“The sim­ple an­swer is that our health care sys­tem be­come more un­man­age­able for more and more Amer­i­cans every year,” San­ders spokesman Keane Bhatt said in a state­ment. “This is not a sys­tem that needs a few tweaks. This is a sys­tem that needs a com­plete over­haul.”

But other coun­tries that pro­vide cov­er­age for all and are held up by San­ders as mod­els for the U.S. don’t of­fer ben­e­fits as gen­er­ous he’s propos­ing. If he is elected pres­i­dent, there’s no way of telling how his plan would emerge from Congress, or even whether some­thing like it could pass.

Four other 2020 Democrats are co-spon­sors of San­ders’ bill: Sens. Cory Booker of New Jer­sey, Kirsten Gil­li­brand of New York, Ka­mala Har­ris of Cal­i­for­nia, and El­iz­a­beth War­ren of Mas­sachusetts.

On the other side of the po­lit­i­cal spec­trum, Trump is talk­ing about big changes. His ad­min­is­tra­tion is seek­ing to have fed­eral courts de­clare the en­tire Obama-era health care law un­con­sti­tu­tional, jeop­ar­diz­ing cov­er­age for 20 mil­lion peo­ple, jet­ti­son­ing pro­tec­tions for pa­tients with pre­ex­ist­ing con­di­tions, and up­end­ing the rest of the 970-page statute, now nearly 10 years old.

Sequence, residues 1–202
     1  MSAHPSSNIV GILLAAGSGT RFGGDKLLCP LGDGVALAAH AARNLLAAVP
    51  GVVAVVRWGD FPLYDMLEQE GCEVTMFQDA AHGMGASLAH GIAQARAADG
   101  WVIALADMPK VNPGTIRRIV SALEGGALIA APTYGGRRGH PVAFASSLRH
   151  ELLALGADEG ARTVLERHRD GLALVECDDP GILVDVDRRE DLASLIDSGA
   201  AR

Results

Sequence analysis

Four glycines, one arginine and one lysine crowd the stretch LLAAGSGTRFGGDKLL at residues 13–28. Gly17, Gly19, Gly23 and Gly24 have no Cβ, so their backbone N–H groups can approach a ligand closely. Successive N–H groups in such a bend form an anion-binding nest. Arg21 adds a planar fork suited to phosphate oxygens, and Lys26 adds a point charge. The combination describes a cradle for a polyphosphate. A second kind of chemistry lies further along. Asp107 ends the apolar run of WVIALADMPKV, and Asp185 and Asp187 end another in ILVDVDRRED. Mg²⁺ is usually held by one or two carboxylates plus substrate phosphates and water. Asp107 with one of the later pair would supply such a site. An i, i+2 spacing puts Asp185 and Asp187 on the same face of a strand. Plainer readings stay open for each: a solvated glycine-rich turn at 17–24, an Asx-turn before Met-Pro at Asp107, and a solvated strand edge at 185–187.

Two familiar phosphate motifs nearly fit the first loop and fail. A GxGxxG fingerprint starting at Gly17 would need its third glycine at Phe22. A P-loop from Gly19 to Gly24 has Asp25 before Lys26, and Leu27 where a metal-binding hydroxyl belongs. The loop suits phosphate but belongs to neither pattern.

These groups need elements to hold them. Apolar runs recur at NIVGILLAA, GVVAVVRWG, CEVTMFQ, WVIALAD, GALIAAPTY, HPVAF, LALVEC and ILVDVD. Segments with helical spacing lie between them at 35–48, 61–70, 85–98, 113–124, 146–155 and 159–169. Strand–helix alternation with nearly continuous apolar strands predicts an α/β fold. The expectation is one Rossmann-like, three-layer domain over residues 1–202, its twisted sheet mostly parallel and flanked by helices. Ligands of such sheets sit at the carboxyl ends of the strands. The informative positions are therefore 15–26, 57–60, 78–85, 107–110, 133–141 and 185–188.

The pres­i­dent says there’s noth­ing to worry about. Ear­lier this sum­mer Trump told ABC News that he was work­ing on a plan that would pro­vide “phe­nom­e­nal health care,” pro­tect peo­ple with pre­ex­ist­ing con­di­tions, and would be “less ex­pen­sive than ‘Oba­macare’ by a lot.”

As pres­i­dent-elect, Trump promised a health plan but never of­fered one upon tak­ing of­fice. In­stead he backed bills from con­gres­sional Repub­li­cans, in­clud­ing one he called “mean” dur­ing a pri­vate meet­ing.

Trump says he might come out with his new plan within months, but that pass­ing it would hinge on his get­ting re­elected and Repub­li­cans win­ning back the House in 2020 while keep­ing con­trol of the Se­nate.

That’s a bit of po­lit­i­cal déjà vu.

Repub­li­cans con­trolled Wash­ing­ton back in 2017 when Trump, then-Speaker Paul Ryan, R-Wis., and Se­nate Ma­jor­ity Leader Mitch McCon­nell, R-Ky., tried for months to re­peal and re­place the Obama law, only to fail. The re­peal ef­fort was widely seen as con­tribut­ing to Repub­li­cans los­ing the House in 2018.

Since then, many GOP lawmakers have tried to avoid the is­sue al­to­gether.

Econ­o­mist Sara Collins of the Com­mon­wealth Fund, who led the study about un­der­in­sured Amer­i­cans, says cost and cov­er­age prob­lems are in­ter­twined. Cit­ing the Democrats’ de­bate over Medi­care for All, she says what’s miss­ing from that dis­cus­sion is that “one doesn’t have to go that far in or­der to im­prove the fi­nan­cial sit­u­a­tion for mil­lions peo­ple – you can do that with much more tar­geted, in­cre­men­tal poli­cies.”


Amer­ica’s health care sys­tem is cov­er­ing more peo­ple than ever, pre­serv­ing gains made un­der Pres­i­dent Barack Obama’s Af­ford­able Care Act, which is al­most a decade old.